I've said Please may I each time I've passed, strewn bits of bread and sugar
at the foot of the tree, careful not to touch the bristling bark. I've worn
my shirt inside out, tucking the gleam of buttons away from light. Shouldn't
the journey be over by now? Shouldn't it get easier? Shouldn't I have found
my way years ago? But here I am again, returned to the same familiar ground:
every stone slippered in moss, the fences peeling, the shed falling down.
My pockets are nearly empty of coin, my lashes stenciled in salt and dust.
Every roof has a chimney and all of them smoke; and yet you look for me
in each house.
Shafts of light comb
through leaves on the trees.
Their heads remain unruly.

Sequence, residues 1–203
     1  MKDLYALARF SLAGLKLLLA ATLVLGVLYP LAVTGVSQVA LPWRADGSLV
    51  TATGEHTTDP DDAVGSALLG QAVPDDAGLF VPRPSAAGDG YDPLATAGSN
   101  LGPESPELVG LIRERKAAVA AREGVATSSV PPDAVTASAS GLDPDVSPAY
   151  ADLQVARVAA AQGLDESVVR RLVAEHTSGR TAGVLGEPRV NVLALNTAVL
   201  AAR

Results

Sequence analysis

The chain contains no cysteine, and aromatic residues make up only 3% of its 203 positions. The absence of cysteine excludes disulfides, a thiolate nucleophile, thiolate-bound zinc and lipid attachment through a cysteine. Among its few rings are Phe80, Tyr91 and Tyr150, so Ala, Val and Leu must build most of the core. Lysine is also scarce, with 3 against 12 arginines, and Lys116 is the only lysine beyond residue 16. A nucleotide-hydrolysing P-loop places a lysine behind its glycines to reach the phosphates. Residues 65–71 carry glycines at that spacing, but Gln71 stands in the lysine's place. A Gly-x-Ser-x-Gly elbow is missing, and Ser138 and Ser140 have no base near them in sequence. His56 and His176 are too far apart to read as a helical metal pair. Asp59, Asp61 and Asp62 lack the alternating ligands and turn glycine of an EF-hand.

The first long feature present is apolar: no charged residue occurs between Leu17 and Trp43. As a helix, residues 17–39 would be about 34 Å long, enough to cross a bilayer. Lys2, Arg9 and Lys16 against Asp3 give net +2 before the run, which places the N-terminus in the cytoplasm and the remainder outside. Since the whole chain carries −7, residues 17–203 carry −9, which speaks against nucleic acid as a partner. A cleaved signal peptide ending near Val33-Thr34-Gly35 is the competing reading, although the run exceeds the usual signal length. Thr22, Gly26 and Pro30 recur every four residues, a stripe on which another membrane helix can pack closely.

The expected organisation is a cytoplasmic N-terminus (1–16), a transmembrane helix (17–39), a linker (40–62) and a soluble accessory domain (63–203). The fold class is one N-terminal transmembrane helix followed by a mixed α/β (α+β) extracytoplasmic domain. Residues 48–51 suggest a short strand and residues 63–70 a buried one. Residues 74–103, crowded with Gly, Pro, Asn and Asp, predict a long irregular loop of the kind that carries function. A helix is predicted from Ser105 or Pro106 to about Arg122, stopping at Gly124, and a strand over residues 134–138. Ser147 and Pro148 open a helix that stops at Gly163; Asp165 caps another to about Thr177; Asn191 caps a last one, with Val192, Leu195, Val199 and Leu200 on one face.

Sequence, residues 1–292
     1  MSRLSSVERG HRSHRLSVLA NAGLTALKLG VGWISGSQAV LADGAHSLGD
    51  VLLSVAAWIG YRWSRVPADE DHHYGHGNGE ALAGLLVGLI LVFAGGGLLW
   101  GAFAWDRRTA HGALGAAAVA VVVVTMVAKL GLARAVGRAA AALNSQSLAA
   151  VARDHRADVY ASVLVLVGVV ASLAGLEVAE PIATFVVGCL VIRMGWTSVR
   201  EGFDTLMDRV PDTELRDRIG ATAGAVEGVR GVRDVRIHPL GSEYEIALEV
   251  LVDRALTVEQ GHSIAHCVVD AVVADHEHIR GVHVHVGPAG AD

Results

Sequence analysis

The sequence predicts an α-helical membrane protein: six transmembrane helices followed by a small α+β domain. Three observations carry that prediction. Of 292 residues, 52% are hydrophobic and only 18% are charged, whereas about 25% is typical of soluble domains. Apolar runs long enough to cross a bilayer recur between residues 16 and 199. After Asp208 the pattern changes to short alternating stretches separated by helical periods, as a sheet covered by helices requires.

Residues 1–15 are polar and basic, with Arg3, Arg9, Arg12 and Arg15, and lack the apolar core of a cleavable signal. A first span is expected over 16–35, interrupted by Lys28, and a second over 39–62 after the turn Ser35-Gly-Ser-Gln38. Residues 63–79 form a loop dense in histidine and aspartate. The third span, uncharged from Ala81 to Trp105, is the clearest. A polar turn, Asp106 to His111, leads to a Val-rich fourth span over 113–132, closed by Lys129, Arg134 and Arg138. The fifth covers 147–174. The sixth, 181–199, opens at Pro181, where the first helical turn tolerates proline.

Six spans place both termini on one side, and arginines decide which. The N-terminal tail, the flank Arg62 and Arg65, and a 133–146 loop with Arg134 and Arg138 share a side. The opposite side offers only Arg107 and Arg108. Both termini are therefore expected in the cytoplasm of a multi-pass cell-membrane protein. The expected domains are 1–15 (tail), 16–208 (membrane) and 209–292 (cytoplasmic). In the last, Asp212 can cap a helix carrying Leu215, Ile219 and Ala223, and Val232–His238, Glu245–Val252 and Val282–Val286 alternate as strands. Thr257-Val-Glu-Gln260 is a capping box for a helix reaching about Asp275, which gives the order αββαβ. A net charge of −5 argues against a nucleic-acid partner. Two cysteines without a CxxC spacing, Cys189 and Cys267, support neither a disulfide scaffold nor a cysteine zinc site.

Poet Luisa A. Igloria (Poetry Foundation web page, author webpage ) is the winner of the 2015 Resurgence Prize (UK), the world’s first major award for ecopoetry, selected by former UK poet laureate Sir Andrew Motion, Alice Oswald, and Jo Shapcott. She is the author of What is Left of Wings, I Ask (2018 Center for the Book Arts Letterpress Chapbook Prize, selected by Natasha Trethewey); Bright as Mirrors Left in the Grass (Kudzu House Press eChapbook selection for Spring 2015), Ode to the Heart Smaller than a Pencil Eraser (Utah State University Press, 2014 May Swenson Prize), Night Willow (Phoenicia Publishing, 2014), The Saints of Streets (University of Santo Tomas Publishing House, 2013), Juan Luna’s Revolver (2009 Ernest Sandeen Prize, University of Notre Dame Press), and nine other books. She is a member of the core faculty of the MFA Creative Writing Program at Old Dominion University which she directed from 2009-2015. In 2018, she was the inaugural Glasgow Distinguished Writer in Residence at Washington and Lee University. When she isn’t writing, reading, or teaching, she cooks with her family, knits, hand-binds books, and listens to tango music.